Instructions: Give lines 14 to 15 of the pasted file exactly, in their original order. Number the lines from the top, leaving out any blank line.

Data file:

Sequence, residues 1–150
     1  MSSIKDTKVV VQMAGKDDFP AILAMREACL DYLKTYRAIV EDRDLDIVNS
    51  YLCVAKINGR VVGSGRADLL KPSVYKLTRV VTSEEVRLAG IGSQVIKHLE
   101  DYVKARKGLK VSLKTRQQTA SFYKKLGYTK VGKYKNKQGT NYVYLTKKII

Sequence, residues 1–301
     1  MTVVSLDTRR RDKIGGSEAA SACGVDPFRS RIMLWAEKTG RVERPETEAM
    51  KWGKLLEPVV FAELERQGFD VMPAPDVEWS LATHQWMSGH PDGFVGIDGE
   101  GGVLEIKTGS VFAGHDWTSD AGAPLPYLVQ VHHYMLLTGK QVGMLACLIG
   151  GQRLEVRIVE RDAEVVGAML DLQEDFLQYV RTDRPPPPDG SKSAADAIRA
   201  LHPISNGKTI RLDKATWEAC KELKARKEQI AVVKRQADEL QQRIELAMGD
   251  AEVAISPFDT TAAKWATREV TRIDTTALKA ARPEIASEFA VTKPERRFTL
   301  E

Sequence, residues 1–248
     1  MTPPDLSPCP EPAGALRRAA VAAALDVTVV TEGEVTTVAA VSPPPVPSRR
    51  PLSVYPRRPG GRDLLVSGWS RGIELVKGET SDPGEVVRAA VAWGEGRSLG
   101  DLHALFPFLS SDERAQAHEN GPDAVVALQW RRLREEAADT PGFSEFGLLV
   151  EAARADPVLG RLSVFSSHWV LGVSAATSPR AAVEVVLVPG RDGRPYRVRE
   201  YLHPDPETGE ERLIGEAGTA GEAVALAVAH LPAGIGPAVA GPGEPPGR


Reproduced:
     1  MTPPDLSPCP EPAGALRRAA VAAALDVTVV TEGEVTTVAA VSPPPVPSRR
    51  PLSVYPRRPG GRDLLVSGWS RGIELVKGET SDPGEVVRAA VAWGEGRSLG